Drawing ≠ Representation

A drawing that looks like the subject we’re drawing is but one type of drawing, albeit what most people think of when it comes to drawing. (That “oh, wow, it looks like a photo” definition of what constitutes “good drawing”, usually followed by a “I could never in a million years do that” which reinforces the myth that drawing isn’t something all adults can do.)

There are other styles of drawing, and other reasons to draw. There’s much to be explored and enjoyed once we put “it must look real” aside as our primary aspiration. It’s “I was walking by myself and saw a long line of daffodils along a bay” vs how Wordsworth put it: “I wandered lonely as a cloud … When all at once I saw a crowd, /A host, of golden daffodils … /They stretched in never-ending line /Along the margin of a bay”.

Drawing to fill the time, to encourage patience. Doodling.

Drawing to explore a new material. Focusing on what the new pencil/pastel/pen/colour does rather than making a finished piece..

Drawing to capture personality. Portraiture beyond mere likeness.

Drawing to convey emotion. Expressive mark making.

Drawing without looking at the paper whilst you’re doing it. Blind contour drawing. Drawings about looking, about seeing. not representation or realism. It’s impossible to draw something perfectly this way, and that’s at the heart of it. Impossible to do it right and also impossible to do it wrong. You have to abandon control, hope of perfection in the overall drawing before you’ve even started, yet at the end, within the chaos there are tiny bits of magic.

Drawing without lifting up. Continuous line. Drawing whilst looking at the subject more than the sheet of paper. Drawing a line tracking what your eyes are looking at, without lifting up your pencil/pen to move from one part to another. We don’t close our eyes when looking from one thing to the next, we just don’t bother to register what’s inbetween even though our eyes do cross over it.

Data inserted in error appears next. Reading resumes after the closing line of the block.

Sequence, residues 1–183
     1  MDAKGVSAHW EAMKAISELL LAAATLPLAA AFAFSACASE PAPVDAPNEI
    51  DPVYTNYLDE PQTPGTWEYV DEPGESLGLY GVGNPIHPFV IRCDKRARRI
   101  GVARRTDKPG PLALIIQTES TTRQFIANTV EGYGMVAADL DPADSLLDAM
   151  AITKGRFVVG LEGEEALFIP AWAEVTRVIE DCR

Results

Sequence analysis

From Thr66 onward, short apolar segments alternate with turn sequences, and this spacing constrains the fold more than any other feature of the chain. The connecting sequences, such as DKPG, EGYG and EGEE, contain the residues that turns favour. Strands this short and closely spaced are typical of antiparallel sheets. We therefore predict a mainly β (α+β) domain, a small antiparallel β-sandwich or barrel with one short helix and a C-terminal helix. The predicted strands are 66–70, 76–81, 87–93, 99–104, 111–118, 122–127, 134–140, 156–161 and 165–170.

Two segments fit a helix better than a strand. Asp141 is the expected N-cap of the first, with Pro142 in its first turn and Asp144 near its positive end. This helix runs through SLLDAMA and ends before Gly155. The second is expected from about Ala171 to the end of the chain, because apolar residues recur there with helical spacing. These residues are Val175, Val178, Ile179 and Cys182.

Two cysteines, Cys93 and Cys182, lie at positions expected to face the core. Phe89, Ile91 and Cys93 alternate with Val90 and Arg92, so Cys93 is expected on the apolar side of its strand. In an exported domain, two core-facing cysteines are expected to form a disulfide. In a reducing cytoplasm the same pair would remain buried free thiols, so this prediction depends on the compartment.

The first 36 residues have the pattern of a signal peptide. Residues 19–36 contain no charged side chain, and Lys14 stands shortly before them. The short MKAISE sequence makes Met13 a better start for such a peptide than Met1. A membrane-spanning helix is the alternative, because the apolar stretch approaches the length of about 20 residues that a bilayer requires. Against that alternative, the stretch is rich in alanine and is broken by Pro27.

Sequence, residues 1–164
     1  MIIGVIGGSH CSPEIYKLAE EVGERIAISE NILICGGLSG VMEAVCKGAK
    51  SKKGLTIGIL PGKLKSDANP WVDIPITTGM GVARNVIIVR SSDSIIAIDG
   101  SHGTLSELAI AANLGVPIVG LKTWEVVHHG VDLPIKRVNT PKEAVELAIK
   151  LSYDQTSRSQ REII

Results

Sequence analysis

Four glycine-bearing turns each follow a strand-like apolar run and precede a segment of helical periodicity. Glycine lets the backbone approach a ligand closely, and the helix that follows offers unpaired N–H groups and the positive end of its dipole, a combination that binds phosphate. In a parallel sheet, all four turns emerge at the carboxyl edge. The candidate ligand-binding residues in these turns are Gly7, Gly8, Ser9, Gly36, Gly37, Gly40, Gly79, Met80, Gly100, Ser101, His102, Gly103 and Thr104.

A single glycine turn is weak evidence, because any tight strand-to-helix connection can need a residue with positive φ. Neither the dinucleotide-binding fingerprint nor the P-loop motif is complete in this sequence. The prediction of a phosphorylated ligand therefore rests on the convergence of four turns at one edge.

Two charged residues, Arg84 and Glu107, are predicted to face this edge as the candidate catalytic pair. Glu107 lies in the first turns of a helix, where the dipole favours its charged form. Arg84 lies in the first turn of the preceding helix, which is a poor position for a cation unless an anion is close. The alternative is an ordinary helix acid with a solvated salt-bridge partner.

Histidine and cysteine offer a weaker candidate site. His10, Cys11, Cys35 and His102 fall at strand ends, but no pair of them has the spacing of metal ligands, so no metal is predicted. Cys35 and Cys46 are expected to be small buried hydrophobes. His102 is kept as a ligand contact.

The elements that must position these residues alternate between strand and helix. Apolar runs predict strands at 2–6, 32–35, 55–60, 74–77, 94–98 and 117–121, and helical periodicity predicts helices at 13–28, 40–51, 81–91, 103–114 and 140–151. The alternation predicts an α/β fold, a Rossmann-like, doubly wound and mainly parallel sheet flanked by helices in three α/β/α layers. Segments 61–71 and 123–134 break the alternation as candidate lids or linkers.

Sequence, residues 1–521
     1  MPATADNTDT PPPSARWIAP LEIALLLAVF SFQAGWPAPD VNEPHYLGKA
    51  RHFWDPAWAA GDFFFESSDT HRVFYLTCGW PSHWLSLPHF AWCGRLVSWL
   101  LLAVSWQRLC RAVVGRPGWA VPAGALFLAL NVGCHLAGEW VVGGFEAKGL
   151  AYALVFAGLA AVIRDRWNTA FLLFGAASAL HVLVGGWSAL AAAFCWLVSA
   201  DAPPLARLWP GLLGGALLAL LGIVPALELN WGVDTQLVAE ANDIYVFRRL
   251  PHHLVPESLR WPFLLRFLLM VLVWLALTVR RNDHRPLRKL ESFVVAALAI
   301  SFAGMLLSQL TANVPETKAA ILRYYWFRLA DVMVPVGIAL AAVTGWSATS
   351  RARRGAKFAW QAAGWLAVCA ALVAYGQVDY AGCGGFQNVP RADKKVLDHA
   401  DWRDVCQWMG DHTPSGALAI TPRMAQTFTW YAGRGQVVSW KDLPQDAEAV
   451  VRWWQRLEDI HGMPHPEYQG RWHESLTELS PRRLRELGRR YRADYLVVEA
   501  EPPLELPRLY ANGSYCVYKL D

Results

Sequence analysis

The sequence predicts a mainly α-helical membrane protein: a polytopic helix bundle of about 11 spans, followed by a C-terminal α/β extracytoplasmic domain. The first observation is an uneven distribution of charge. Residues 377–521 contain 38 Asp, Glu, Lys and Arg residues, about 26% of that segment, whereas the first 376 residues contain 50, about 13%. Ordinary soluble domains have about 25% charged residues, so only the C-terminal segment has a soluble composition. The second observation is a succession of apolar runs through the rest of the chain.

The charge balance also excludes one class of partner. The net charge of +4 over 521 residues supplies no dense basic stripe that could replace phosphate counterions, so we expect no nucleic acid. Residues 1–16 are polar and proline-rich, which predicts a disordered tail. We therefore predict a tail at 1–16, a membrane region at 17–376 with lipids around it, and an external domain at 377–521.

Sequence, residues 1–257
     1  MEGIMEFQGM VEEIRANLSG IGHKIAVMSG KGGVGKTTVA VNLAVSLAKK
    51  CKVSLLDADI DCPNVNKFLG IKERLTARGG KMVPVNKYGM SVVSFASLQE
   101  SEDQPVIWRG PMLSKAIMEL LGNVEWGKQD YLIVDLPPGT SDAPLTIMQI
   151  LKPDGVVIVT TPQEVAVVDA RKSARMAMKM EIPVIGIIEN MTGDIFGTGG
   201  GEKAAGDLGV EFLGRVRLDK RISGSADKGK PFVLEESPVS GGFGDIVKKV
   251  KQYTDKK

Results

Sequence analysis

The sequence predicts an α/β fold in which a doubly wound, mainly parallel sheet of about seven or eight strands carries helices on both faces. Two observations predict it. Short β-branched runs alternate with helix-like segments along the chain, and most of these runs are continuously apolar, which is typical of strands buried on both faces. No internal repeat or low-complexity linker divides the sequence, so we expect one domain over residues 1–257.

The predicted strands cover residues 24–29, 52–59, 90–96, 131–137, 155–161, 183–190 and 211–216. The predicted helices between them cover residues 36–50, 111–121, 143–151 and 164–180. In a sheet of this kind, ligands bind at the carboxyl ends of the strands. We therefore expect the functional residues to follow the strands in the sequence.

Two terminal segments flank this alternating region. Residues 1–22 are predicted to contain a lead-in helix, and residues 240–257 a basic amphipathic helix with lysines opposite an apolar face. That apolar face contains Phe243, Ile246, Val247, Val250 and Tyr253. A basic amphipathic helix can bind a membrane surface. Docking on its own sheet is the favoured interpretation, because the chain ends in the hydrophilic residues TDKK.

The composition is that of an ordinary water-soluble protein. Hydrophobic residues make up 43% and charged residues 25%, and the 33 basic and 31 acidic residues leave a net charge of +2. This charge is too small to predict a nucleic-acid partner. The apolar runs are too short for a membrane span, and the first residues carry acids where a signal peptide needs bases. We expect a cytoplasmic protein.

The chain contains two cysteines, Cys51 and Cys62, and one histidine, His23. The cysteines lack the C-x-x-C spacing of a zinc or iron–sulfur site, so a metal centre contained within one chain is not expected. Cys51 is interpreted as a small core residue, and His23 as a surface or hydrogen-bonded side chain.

4 Replies to “Drawing ≠ Representation”

  1. I loved watching your videos. You have a powerful and contagious serenity about your method. It’s as chaotic and beautiful as nature. Very enjoyable!

    1. Love the thought that I have “contagious serenity”! Certainly painting, responding to a painting, is very calming to me. ?

  2. Thank you, I enjoyed the post and the videos and picked up a bit of your contageous serenity.
    I have drawn during long delays at airports, helps the time pass and to feel more positive. People don’t move around as much during a delay. Also from the aeroplane window, on the train in cafes etc.
    Also recently did some drawing with my non prefered hand. After a while right hand said ‘c’mon let me take over, ‘left hand replied no thanks I’m liking this’
    and this resonates with what you said about ‘abandon control, hope of perfection’

    1. My non-dominant hand (left) can create far more interesting results in a drawing than my “I know what I’m doing” hand (my right), though sometimes it feels like I need to sit on my righthand to stop it from taking the pencil!

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